The Celts were big posers and boasters! Figure by Angus McBride.
Celtic swords are found by archaeologists in large quantities. They are considered in accordance with the adopted system of periodization of the Laten period and are accordingly typologized. Thus, the swords of the laten I phase belong to the period 450 - 250. BC. and they have a blade length from 55 to 65. See. Although there are single samples in 80, see. They are all double-edged, have a pronounced edge and belong to the piercing-cutting type. A characteristic feature of this type of swords is the specific shape of the tip of the scabbard, which has the shape of a stylized letter U. Daggers have blades of different shapes: from broad, almost triangular, to narrow, like a stylet; their length is 25 - 30 cm.
Helmet, swords and spearheads belonging to Celtic warriors. Archaeological Museum Saint-Germain, France.
During the late II phase (ca. 250 - 120 BC), the blades of the swords stretched out. Now it was weapon just for the chopping blow. The tip of the blade acquired a rounded shape, the length began to reach 75 - 80 cm, and the weight of the 1 kg along with the handle. The tip of the scabbard has acquired a different shape. From the lake at the village of La Tennes in Switzerland, these swords get almost hundreds, and although some local differences can be noticed, it is clear that all of them belong to this period. Sheaths (usually from iron) were made of two bands. The front was a little wider than the back, and skirted around the edges. Their mouth was strengthened by a decorative overlay, and the tip strengthened their construction below.
The latex III phase (120 - 50 BC) is distinguished by the fact that the length of the blades increased even more and reached 90 in some swords. See Long swords with a rounded tip and iron sheath of this type are most often found in Britain.
The shank of the Celtic iron sword.
It seemed that the Celtic triumph in Europe would have no end, but the conquest of Gaul by Julius Caesar in 55 BC put an end to him. In Britain, the Celtic subculture existed even 150 years. The blades of the swords of this time (phases of late IV) are shorter than those that were before - 55 - 75, see. The sheath received a forked tip in the form of a very flat inverted letter V.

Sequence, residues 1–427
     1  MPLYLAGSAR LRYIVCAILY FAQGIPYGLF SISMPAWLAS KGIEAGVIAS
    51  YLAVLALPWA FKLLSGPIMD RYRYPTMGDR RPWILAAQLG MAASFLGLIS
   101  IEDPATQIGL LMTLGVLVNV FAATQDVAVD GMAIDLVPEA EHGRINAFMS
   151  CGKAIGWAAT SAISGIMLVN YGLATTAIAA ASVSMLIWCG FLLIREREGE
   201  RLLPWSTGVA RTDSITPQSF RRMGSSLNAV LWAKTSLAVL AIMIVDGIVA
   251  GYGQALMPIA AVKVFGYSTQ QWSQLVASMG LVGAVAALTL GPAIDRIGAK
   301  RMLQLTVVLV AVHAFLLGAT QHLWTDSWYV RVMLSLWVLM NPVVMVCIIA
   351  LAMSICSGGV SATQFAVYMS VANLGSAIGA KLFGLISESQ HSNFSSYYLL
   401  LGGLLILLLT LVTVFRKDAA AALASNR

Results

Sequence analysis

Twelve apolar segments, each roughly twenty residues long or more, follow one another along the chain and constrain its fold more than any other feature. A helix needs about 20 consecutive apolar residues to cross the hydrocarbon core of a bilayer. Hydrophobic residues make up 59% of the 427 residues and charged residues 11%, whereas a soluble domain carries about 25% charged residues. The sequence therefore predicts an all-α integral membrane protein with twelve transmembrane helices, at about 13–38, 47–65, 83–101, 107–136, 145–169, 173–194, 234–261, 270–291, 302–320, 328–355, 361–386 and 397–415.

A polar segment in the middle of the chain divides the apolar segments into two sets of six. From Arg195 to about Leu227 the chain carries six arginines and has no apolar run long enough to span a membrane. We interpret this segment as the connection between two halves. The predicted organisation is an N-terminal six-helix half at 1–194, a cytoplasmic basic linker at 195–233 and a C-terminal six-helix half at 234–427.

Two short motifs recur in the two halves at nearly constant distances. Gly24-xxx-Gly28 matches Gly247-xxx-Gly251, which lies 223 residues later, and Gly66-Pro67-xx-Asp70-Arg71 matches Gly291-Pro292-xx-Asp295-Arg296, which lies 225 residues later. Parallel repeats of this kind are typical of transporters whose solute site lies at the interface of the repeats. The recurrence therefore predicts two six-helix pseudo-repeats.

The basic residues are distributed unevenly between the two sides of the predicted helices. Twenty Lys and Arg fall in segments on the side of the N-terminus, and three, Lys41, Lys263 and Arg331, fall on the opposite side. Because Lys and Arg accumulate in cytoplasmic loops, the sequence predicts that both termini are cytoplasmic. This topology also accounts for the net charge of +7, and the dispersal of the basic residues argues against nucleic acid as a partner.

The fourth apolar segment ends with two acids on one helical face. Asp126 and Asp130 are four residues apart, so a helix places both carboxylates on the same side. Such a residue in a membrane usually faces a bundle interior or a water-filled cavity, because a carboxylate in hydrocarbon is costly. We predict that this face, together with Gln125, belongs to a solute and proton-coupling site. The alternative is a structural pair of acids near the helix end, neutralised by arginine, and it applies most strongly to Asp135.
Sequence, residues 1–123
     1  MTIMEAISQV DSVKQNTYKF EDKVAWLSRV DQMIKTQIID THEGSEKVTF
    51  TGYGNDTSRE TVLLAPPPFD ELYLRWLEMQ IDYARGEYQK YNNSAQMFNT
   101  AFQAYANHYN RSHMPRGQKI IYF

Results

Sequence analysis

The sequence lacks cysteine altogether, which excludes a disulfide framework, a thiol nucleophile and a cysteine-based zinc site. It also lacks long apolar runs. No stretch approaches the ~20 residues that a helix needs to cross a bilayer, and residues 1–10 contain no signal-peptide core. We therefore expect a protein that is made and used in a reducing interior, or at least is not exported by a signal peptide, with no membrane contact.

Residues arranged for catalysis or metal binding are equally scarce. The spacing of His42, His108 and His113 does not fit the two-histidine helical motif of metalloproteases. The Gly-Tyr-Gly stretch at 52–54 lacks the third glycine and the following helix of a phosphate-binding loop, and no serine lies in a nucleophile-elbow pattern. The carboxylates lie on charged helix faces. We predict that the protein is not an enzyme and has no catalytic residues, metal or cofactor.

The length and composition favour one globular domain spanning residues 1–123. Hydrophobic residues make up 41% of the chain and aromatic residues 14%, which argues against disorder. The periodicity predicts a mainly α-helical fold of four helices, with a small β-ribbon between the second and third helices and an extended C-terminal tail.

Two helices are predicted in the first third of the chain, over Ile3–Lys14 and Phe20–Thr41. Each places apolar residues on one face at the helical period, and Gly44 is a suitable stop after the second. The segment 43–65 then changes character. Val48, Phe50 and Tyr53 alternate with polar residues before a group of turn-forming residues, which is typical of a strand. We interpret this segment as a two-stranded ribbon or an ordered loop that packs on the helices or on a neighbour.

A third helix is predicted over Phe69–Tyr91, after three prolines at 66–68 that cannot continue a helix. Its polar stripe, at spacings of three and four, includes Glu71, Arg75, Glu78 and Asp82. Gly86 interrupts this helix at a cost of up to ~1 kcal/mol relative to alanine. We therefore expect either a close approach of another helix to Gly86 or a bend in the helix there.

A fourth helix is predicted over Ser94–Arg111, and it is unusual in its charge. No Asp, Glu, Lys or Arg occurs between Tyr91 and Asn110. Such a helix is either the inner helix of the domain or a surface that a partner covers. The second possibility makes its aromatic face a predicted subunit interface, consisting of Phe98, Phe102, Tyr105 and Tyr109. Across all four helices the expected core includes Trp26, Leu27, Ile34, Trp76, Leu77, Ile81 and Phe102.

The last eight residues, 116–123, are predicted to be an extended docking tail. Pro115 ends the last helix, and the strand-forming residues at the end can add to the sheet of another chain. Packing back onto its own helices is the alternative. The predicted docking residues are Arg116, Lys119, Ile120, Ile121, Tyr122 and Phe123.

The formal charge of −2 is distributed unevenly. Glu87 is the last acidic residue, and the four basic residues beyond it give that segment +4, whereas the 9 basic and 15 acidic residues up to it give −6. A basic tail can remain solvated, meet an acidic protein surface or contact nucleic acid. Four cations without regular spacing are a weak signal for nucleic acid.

Celtic warrior with a shield and spears with tips of characteristic shape. Illyrian Sithylum from Vache (fragment). Bronze. Around 500 BC. er National Museum. Ljubljana
Handles of swords were made of wood, covered with leather and therefore they practically have not reached our time. The traditional form of the handle was in the form of the letter X, a kind of memory of the “antenna” swords of the Hallstatt era. Sometimes they were made in the form of a human figure with arms raised upwards. The late influences of latein IV swords were often influenced by Roman influence, as shown by the discovery of a sword in Dorset.
Diodorus wrote that the Celtic swords were worn on the right side, hanging them on an iron or a bronze chain. The length of such a chain ranged from 50 to 60 cm, and on one side there was a ring on it, and on the other a hook. Peter Connolly believes that all this was arranged somewhat wrong, since the description is confusing. In any case, the chain was, the ring was, the hook was, and how we really had to decide in the course of field experiments. Well, the belts themselves were made of leather, and several such belts were again taken from the lake at La Ten.
Celts in battle. Figure by Angus McBride.
It was customary to talk about Celts as warriors who fought, above all, with swords. But Diodorus gives a description of the Celtic copies, and their tips are regularly found in graves. And here, according to Connolly, the question arises: if there are so many tips, then ... it means that the Celts fought not so much with swords, as with spears. Found three spears with a length of 2,5 m and this is clearly not a dart! Darts are also found, but many tips are very large, which are not suitable for them. And Diodorus calls the sizes of the tips of the copies: 45 cm and more, and these were actually found, and one did have the length 65 cm!
Warrior with shield and ax. Illyrian Sithylum from Vache (fragment). Bronze. Around 500 BC. er National Museum. Ljubljana
Their form was rather unusual: at first they expanded at the hub, then gently narrowed to the tip. Wavy tips are also known, about which Diodorus reports that they inflicted especially dangerous wounds. It is also known that the Celts also adopted something from the Romans and, in particular, their famous pilum darts. They are found at the site of the excavations of many Celtic settlements in southern Europe.